A Southern belle – ‘Battle of Britain’ Class locomotive
Tags: '34081', 'air-smoothed', 'Aut Pugna Aut Morere', 'Boxpok', 'Castle' class, 'God's Wonderful Railway', 'Grouping', 'light Pacifics', 'Merchant Navy' class, 'No. 92 Squadron', 'premium apprentice', 'teardrop-shaped' depressions, 'Thames-Clyde Express', 'The Battle of Britain Locomotive Society', 10 years of service, 107 tons, 127 mph, 1882-1970, 1945, 1950s, 2-6-0+0-6-2 wheel arrangement, 4-6-0 locomotive, 4-6-2, 87 tons, 96 tons, A4 Pacific, American patent, Austerity, boiler, Britain, British Railways (Southern Region), Bulleid-Firth-Brown wheels, Cambridgeshire, chain-driven valve gear, Chief Mechanical Engineer, cladding and insulation, class of engines, CME, coal measures of the Erewash Valley, coal measures of the Erewash Valley North Derbyshire Coalfield and South Yorkshire, coal waggons, complete overhaul, consolidation of railways, Doncaster, driving wheels, Either fight or die, elder brother, engineer, Exeter, express trains, fabrication, fastest steam locomotive on earth, fireman's side of the engine, fully laden train, Great Northern Railway, Great Western Railway, GWR, H.A. Ivatt, holes, insulation, Kent, LMS 'Royal Scot', LMS Beyer-Garrett articulated engines, LNER, locomotive fireman, locomotive's frames, locomotives, London, London & North Eastern Railway, London market, London St. Pancras to Glasgow St. Enoch station, long task of rebuilding, Mallard, Michael, Midland and Scottish, Midland Railway, motive power, Nene Valley Railway Ltd, No. 92 (East India) Squadron, North Derbyshire Coalfield, notoriously unreliable, oil bath, Oliver Vaughan Snell Bulleid, Pacific, Personal Assistant, Peterborough, production easier, RAF, RAF Fighter Command, RAF Squadrons, removal of the boiler, rusty appearance, sealed oil bath, sections of track and bridges, Sir Nigel Gresley, slow-moving trains of coal waggons, smell of steam locomotives, smokebox, smokebox and boiler, South Yorkshire, Southern Railway, Spitfire, steam locomotives, streamlined A4 Pacifics, Sussex, the boiler has now been removed, UK Registered Charity No. 299140, valve gear, Walschaerts valve gear, weight limit, welded steel, West Country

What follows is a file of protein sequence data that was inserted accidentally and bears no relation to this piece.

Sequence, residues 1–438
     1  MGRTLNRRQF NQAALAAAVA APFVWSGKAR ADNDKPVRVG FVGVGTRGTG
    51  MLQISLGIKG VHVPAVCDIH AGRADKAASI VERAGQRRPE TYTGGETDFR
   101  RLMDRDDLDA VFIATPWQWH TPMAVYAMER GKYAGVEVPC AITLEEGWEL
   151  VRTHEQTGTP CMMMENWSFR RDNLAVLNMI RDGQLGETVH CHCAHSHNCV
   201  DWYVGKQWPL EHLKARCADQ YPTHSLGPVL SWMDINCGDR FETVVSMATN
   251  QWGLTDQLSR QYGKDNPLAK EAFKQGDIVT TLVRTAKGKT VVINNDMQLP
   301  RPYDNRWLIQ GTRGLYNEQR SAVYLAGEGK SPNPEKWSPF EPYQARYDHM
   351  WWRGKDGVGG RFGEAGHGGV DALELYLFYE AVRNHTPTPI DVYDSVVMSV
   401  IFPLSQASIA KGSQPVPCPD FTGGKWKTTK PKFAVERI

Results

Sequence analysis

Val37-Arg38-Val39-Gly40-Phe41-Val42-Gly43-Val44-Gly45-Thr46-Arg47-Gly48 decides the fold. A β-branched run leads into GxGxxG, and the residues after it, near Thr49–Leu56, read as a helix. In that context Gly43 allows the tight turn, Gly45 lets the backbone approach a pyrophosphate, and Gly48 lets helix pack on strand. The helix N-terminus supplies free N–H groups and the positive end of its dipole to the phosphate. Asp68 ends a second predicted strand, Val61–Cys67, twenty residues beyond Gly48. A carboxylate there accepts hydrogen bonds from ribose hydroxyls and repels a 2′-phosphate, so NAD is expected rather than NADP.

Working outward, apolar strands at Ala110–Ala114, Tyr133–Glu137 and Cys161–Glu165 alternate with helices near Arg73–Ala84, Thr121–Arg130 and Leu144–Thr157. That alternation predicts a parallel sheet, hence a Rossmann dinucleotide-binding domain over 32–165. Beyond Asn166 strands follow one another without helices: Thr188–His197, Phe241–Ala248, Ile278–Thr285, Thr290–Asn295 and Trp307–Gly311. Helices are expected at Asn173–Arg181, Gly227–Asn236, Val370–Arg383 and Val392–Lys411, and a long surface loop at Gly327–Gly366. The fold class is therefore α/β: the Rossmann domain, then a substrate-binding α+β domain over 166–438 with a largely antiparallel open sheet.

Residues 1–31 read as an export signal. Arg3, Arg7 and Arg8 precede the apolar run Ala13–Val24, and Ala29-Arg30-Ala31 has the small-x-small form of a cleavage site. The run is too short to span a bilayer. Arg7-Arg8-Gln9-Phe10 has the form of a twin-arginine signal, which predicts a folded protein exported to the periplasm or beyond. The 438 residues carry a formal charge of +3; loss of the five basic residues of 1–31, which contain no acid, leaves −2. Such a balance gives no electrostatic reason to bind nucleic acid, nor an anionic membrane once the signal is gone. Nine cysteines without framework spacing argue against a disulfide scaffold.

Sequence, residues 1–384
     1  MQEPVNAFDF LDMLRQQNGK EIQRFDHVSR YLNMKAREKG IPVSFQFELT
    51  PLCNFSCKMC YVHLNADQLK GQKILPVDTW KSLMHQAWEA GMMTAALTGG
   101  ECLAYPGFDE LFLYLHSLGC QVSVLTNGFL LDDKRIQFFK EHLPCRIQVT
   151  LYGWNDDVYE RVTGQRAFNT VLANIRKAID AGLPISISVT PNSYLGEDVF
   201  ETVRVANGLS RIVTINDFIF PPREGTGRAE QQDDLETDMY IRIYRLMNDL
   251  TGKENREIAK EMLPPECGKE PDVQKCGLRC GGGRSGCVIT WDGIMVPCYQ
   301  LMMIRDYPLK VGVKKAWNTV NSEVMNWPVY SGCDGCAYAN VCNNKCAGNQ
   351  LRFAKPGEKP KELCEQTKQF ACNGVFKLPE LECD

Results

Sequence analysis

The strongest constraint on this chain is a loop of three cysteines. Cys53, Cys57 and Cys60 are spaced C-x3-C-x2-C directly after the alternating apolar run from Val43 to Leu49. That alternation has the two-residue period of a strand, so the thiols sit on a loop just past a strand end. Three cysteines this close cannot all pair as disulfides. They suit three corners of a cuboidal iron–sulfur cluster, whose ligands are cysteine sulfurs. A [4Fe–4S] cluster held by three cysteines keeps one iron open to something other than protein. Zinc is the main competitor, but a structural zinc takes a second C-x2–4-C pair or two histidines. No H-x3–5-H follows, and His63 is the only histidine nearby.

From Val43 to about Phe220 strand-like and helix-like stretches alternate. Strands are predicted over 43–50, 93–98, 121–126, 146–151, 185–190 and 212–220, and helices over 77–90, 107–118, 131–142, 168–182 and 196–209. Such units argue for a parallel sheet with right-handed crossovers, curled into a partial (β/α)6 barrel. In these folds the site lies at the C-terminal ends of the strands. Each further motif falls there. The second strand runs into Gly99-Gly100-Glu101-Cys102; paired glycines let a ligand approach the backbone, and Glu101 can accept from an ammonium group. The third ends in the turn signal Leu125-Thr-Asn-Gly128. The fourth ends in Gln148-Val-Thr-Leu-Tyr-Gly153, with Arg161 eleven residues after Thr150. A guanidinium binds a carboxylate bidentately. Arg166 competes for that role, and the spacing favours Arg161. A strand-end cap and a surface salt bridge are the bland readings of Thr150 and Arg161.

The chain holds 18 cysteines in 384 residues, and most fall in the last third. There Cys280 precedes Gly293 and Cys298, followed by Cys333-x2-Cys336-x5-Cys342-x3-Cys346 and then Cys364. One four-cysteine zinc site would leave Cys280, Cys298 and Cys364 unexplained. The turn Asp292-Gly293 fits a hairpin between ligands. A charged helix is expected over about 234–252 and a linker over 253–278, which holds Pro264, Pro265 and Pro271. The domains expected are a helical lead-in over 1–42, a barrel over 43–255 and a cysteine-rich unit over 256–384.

I grew up loving the sound, sight and, yes, the smell of steam locomotives. My elder brother, Michael, sometimes used to take me across the fields to where the Midland Railway (later, London, Midland and Scottish) had built lines linking the abundant coal measures of the Erewash Valley, North Derbyshire Coalfield and South Yorkshire with the ever-demanding London market. In the 1950s we could see everything from express trains, like the ‘Thames-Clyde Express’ (London St. Pancras to Glasgow St. Enoch station, and usually hauled by an LMS ‘Royal Scot’, 4-6-0 locomotive) to massive, slow-moving trains of coal waggons, hauled by the incredible LMS Beyer-Garrett articulated engines ( 2-6-0+0-6-2 wheel arrangement).